Skip to main content

June 1, 2010 – What a lovely experience: my husband and I drove up to Chicago for the holiday weekend. It’s a trip we have made countless times, but this time we were treated to a sight I hope will become much more common during the years ahead. As we drove north on I65, in the vicinity of Lafayette, Indiana, we came upon windmills. At first we saw them on just one side of the expressway, placed in rows that reached the horizon. Then my husband exclaimed “Look! They’re on both sides of the road now!” The graceful behemoths were as thrilling a sight as coming upon a group of whales might have been. There was an unexpected grandeur, even dignity, in the propellers’ leisurely pace. The fact of their seemingly independent motion conferred upon them a sentience they did not possess, but which was heightened by their uniform activity, almost as if they all agreed with regard to something of considerable importance. Actually, we did see an occasional turbine standing still; however, the majority were engaged in an energy-generating purposefulness, a mechanical meeting of the minds. It was a happy sight that continued for roughly ten miles.

I wanted to learn more about the Hoosier state’s forward-looking plans in action.

Though one website I visited maintained that Indiana is not well-suited to pursuing production of wind-generated energy, with average winds of less than 10mph statewide, other sites indicated that both individuals and agencies have plunged ahead and are not to be denied. Indeed, while southern Indiana is home to some pretty cloudy/rainy weather, homeowners there and across the Ohio river in Kentucky are participating in net metering, which means they can reverse their electric meter, based on the power they’re producing, back as far as zero. The farmers and homeowners interviewed (see

indianadg.wordpress.com/2010/04/25/net-metering-lets-consumers-give-back/, accessed June 1, 2010) said they didn’t expect to recover their investments. Their priority was decreasing their coal-generated energy usage.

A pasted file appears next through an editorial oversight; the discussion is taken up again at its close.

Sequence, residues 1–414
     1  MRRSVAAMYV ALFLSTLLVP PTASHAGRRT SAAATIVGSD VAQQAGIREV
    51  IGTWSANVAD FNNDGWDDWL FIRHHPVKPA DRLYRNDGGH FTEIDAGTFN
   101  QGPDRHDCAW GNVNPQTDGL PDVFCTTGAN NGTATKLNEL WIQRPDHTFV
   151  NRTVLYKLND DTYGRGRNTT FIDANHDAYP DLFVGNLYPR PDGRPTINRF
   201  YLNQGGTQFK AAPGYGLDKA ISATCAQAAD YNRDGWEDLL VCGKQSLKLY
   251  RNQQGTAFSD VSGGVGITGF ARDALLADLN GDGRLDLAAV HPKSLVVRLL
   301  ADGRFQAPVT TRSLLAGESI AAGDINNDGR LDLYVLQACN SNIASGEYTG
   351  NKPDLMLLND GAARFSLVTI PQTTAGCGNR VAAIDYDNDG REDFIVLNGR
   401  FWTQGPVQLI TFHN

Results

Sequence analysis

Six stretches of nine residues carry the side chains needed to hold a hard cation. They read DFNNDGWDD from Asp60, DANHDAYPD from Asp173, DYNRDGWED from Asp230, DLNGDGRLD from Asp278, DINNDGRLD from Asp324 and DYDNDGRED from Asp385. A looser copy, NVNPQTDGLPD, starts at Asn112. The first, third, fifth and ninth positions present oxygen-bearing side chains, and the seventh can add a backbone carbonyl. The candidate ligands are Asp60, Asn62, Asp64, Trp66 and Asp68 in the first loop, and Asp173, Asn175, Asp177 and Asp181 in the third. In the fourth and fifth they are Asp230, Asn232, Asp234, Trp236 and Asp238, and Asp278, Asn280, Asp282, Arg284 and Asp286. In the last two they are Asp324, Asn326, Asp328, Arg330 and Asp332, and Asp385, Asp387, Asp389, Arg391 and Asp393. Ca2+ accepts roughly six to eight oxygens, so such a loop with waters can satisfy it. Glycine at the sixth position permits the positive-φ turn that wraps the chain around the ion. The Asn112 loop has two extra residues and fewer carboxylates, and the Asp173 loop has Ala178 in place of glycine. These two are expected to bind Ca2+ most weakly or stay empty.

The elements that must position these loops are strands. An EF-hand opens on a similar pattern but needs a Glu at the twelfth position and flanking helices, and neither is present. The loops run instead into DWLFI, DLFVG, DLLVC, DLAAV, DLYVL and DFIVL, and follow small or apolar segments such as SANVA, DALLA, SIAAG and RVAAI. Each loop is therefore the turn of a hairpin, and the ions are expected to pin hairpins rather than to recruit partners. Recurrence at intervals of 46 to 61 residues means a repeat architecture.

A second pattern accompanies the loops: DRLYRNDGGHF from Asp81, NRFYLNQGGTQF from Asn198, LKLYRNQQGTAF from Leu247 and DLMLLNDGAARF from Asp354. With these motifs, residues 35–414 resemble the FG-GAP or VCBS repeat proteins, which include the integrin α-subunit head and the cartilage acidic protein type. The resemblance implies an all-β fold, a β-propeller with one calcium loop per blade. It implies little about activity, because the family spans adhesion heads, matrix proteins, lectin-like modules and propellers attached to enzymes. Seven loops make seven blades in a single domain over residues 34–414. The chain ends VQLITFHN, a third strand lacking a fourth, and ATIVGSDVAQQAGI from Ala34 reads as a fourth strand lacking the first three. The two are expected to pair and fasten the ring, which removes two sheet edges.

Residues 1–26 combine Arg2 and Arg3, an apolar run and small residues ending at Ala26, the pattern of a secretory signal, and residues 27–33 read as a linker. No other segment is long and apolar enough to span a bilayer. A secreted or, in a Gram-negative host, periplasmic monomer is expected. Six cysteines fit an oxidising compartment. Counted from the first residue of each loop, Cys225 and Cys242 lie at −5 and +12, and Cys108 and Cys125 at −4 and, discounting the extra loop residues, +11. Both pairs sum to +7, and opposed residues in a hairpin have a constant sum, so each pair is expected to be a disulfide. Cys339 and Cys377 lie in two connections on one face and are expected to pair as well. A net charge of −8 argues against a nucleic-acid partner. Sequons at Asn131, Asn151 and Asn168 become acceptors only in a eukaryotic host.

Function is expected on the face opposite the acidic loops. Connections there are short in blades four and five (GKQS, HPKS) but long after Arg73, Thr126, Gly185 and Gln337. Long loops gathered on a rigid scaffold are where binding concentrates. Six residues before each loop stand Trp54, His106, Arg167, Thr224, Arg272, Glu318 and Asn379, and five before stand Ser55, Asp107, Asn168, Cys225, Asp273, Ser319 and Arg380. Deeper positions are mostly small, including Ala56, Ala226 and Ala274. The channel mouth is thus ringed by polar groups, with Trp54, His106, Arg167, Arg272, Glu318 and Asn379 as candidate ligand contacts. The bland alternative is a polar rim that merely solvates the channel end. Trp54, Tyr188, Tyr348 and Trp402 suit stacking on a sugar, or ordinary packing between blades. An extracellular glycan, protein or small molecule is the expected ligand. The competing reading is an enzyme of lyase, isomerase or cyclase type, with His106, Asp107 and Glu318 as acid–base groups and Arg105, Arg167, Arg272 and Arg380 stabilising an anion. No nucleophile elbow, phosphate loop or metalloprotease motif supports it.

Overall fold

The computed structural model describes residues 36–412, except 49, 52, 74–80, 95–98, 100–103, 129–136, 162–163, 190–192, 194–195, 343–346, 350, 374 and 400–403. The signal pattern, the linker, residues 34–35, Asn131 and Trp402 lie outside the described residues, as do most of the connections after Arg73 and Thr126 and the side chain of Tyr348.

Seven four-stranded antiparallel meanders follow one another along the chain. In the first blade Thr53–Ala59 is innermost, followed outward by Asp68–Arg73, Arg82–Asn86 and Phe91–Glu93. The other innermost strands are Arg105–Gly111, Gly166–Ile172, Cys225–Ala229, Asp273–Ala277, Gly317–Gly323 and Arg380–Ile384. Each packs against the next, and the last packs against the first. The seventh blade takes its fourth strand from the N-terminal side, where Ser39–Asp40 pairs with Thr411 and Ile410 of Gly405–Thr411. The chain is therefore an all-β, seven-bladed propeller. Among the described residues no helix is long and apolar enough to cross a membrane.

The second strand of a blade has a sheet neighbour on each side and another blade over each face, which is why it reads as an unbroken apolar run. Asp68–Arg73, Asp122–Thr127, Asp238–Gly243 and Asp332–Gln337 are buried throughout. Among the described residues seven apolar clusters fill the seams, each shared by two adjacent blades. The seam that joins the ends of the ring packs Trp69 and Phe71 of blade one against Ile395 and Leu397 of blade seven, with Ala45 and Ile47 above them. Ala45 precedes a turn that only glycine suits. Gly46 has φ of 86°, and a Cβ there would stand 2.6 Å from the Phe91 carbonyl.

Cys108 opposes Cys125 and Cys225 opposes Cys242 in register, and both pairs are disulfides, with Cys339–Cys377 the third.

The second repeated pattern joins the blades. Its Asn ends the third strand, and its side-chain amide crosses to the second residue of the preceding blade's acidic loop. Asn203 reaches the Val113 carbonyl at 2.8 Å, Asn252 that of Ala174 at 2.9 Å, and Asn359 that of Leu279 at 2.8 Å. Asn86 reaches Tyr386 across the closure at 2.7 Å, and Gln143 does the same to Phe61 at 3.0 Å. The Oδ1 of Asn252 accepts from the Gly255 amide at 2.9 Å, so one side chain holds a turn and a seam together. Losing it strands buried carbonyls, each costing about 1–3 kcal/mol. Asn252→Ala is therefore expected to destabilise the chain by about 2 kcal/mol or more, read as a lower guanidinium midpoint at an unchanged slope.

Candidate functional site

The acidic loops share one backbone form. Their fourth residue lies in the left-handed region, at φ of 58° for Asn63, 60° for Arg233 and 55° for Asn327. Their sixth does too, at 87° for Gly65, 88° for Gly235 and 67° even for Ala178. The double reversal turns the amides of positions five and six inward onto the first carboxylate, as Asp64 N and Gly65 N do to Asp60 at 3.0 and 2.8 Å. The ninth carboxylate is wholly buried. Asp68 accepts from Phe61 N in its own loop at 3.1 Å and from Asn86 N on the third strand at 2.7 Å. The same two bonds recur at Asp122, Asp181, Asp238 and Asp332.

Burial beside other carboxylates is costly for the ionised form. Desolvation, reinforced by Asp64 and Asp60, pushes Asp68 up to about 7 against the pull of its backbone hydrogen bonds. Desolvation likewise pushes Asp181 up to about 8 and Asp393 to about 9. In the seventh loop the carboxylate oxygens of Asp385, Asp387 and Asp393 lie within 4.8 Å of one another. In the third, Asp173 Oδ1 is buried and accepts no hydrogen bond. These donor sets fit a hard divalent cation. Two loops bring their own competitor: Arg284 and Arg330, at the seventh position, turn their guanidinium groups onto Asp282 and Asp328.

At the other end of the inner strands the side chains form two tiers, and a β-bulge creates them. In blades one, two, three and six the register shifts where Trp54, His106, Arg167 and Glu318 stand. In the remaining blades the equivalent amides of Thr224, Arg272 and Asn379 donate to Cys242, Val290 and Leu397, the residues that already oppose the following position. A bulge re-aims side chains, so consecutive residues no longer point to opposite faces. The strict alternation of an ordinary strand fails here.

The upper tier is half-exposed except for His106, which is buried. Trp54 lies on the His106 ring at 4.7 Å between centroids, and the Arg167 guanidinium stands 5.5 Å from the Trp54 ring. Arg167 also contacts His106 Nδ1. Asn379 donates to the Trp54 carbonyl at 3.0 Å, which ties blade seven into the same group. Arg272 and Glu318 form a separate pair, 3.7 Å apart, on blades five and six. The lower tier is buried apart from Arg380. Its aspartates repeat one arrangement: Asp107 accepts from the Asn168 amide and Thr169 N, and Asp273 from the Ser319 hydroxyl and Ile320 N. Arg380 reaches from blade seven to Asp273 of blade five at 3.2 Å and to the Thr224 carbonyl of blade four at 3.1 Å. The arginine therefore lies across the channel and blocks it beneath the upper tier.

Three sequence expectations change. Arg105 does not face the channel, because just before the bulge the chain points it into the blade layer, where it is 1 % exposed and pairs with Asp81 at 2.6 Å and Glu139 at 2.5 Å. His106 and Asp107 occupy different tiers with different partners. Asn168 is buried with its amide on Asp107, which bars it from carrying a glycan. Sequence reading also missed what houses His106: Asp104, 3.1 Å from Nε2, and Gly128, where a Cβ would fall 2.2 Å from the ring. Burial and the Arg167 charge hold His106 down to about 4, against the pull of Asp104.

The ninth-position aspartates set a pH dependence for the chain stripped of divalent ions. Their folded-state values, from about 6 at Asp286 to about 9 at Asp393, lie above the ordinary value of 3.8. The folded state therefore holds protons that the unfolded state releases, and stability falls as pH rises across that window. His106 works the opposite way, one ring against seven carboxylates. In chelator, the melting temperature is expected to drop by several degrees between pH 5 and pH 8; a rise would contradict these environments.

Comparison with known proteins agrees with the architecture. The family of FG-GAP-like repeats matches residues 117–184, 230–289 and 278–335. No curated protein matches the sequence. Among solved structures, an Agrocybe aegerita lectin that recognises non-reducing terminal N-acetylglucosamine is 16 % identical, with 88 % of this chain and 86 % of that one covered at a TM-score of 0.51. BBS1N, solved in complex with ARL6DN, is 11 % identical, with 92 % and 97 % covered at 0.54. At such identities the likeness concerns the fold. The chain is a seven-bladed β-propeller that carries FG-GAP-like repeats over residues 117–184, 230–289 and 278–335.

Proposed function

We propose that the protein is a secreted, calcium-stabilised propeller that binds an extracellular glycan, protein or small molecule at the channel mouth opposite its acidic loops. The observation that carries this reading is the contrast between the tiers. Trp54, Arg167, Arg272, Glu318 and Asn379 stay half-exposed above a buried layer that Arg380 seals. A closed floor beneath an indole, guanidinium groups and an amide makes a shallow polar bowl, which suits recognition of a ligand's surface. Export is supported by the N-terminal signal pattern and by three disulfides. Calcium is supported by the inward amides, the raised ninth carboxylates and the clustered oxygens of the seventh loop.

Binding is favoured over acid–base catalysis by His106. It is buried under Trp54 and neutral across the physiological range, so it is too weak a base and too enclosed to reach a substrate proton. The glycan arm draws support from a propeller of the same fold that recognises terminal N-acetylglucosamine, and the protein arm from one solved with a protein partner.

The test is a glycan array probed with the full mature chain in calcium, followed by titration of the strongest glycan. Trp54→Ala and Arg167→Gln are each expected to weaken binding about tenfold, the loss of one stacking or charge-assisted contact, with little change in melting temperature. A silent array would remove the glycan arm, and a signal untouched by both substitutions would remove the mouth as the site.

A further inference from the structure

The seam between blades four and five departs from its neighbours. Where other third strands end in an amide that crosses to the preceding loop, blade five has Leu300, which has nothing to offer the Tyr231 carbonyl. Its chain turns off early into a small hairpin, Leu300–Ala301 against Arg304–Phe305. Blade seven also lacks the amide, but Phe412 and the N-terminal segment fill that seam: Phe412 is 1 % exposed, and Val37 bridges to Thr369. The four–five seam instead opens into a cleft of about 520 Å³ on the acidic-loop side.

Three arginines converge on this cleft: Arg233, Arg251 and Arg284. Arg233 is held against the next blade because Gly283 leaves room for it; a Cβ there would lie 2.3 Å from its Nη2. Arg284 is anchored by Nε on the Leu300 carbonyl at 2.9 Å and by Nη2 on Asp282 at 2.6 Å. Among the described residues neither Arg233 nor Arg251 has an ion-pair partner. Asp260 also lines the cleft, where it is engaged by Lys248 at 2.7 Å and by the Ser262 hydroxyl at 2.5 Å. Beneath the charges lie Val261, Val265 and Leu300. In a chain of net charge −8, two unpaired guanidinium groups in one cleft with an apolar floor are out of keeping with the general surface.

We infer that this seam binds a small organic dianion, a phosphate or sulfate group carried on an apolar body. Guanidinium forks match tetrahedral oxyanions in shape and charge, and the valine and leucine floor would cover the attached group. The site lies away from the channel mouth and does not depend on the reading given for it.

Indiana enacted their net-metering program in 2005. Unfortunately, it has been given an “F” by the Network for New Energy Choices because of its very weak administrative code. Furthermore, it does not offer net metering to businesses, an egregious oversight. One can only hope municipalities will elect to set a worthwhile example. Neighboring states Illinois, Kentucky, Ohio, and Michigan all earned “B’s.”

Cincinnati, where I live, is not considered a good candidate for wind-generated energy or solar power. The sun’s appearance cannot be taken for granted, and the Appalachian foothills that comprise this river valley town contribute to the winds’ somewhat circular pattern here. Geothermal energy is conceded to be the best bet hereabouts, yet it was not even mentioned in a list of renewable alternatives for Indiana, which I thought was odd.

It isn’t the least bit surprising that our embrace of new forms of energy production has taken the form of a hesitant two steps forward, one step back. We have been enacting the parts of very shy, awkward, kissing third cousins. The problem now is that we no longer have the luxury of pussy footing. Like it or not, the time for shyness and awkwardness is in the past. We must act more confidently than we feel, and plan for the future as if we knew what lies ahead. Our children will thank us.

Comments

Popular posts from this blog

New World Environmental Leader?

March 5, 2017 - China's coal consumption dropped for the third year in a row in 2016.  This, coupled with the country's shift away from heavy industry, could well portend cleaner air and water. As you know, cleaner air in China means cleaner air everywhere. With a population of 1.35 billion people, China currently produces twice as much carbon dioxide in the form of emissions as the United States.

Given that the US has a population less than 1/4 the size of China's, their emissions would quadruple our own, if their standard of living matched ours. Thank goodness it doesn't. Be aware, however, that the government of China is transitioning to an economy based on consumer spending. That could spell trouble.

In the meantime, China's National Bureau of Statistics indicates that China's coal consumption fell by 4.7 percent in 2016. Coal's share of total energy consumed fell to 62% in 2016, from 64% in 2015. In the United States, by contrast, the government pledge…